Research design and methods: Diabetic rats and control animals were randomly assigned to receive simvastatin or vehicle for 24 weeks, and bovine retinal capillary endothelial cells (BRECs) were incubated with normal or high glucose with or without simvastatin. Vascular endothelial growth factor (VEGF) and peroxisome proliferator-activated receptor gamma coactivator 1alpha (PGC-1alpha) in the rat retinas or BRECs were examined by Western blotting and real-time RT-PCR, and poly (ADP-ribose) polymerase (PARP), and p38 MAPK were examined by Western blotting. Mitochondrial membrane potential (Deltapsim) and ROS production were assayed using the potentiometric dye 5,5',6,6'- Tetrachloro1,1',3,3'-tetraethyl-benzimidazolylcarbocyanine iodide (JC-1) or CM-H(2)DCFDA fluorescent probes.

Results: Simvastatin significantly upregulated PGC-1alpha (P < 0.01), subsequently decreased Deltapsim (P < 0.05) and ROS generation (P < 0.01), inhibited PARP activation (P < 0.01), and further reduced VEGF expression (P < 0.01) and p38 MAPK activity (P < 0.01). Those changes were associated with the decrease of retinal vascular permeability, retinal capillary cells apoptosis, and formation of acellular capillaries.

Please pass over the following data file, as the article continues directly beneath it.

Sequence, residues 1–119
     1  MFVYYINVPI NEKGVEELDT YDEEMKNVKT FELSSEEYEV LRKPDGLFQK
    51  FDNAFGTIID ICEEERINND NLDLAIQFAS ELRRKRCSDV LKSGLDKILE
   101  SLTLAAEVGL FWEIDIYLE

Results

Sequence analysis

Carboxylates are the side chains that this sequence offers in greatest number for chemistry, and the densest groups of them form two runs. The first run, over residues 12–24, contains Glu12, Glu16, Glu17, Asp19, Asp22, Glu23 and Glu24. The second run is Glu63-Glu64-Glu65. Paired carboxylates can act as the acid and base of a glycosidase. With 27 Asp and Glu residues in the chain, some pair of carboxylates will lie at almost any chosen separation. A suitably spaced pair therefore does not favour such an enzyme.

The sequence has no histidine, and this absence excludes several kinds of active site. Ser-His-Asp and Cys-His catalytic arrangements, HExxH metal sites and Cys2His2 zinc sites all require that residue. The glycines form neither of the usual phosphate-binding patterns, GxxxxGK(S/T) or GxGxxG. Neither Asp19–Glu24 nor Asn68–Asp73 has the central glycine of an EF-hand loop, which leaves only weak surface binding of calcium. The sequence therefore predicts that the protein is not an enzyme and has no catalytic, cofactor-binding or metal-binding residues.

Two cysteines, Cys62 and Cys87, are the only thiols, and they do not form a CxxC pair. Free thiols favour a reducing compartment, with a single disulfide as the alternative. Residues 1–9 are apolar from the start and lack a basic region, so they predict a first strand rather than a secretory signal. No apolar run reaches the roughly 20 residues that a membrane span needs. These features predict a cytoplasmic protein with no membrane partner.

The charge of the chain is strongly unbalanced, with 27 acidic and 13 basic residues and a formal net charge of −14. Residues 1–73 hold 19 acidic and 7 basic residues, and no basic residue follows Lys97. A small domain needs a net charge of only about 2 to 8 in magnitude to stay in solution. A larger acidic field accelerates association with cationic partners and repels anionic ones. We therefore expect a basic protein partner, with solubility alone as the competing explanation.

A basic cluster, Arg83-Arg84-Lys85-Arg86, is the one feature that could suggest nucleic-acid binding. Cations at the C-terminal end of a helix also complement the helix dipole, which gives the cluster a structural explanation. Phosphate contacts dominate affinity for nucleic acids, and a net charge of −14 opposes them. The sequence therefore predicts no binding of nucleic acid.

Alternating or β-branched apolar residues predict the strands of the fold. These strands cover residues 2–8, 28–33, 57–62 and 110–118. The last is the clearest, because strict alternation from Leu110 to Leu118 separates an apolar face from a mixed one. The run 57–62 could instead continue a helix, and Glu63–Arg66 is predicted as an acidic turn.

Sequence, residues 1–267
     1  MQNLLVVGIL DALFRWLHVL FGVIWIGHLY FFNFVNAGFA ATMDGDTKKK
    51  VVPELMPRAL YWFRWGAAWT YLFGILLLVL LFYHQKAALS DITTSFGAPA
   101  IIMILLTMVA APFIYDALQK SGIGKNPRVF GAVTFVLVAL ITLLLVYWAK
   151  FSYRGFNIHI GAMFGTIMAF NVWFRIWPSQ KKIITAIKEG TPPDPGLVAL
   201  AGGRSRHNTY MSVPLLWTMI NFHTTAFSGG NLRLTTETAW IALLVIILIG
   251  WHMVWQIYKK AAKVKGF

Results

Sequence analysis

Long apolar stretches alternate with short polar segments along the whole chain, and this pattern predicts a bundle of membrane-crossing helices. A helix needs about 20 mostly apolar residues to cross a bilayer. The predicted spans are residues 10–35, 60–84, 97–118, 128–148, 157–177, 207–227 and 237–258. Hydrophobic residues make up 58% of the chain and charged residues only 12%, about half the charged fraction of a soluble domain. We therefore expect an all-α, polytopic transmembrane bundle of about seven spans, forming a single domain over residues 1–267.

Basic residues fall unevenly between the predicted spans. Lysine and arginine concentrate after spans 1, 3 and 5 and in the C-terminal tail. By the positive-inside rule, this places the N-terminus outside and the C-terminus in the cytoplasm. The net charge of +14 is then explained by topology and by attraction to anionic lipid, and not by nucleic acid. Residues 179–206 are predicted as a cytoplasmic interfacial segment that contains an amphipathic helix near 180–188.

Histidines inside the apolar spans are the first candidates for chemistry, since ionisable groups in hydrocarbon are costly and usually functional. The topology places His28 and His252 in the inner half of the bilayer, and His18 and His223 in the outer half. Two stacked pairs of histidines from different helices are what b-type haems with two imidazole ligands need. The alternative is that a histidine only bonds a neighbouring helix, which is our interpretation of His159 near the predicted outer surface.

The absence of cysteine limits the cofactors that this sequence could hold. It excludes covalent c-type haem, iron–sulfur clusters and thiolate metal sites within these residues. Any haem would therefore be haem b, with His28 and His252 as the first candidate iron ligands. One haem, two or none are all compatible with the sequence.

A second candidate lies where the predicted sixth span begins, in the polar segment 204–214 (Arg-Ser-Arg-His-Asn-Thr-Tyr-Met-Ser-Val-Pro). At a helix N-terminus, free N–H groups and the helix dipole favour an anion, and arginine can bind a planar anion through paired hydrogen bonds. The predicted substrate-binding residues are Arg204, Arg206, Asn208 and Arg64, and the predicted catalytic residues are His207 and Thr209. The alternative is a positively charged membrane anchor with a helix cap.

Conclusions: Simvastatin decreases diabetes-induced mitochondrial ROS production and exerts protective effects against early retinal vascular damage in diabetic rats in association with the inhibition of mitochondrial ROS/PARP pathway mediated by PGC-1alpha. The understanding of the mechanisms of action of statins has important implications in the prevention and treatment of mitochondrial oxidative stress-related illness such as DR.